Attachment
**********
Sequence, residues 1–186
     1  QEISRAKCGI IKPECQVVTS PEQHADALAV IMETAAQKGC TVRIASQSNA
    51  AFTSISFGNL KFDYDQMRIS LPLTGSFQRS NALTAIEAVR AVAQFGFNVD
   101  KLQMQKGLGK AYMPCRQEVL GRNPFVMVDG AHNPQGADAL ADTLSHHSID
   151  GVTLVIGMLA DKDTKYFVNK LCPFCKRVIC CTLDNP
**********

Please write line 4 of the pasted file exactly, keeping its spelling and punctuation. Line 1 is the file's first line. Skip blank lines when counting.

   101  KLQMQKGLGK AYMPCRQEVL GRNPFVMVDG AHNPQGADAL ADTLSHHSID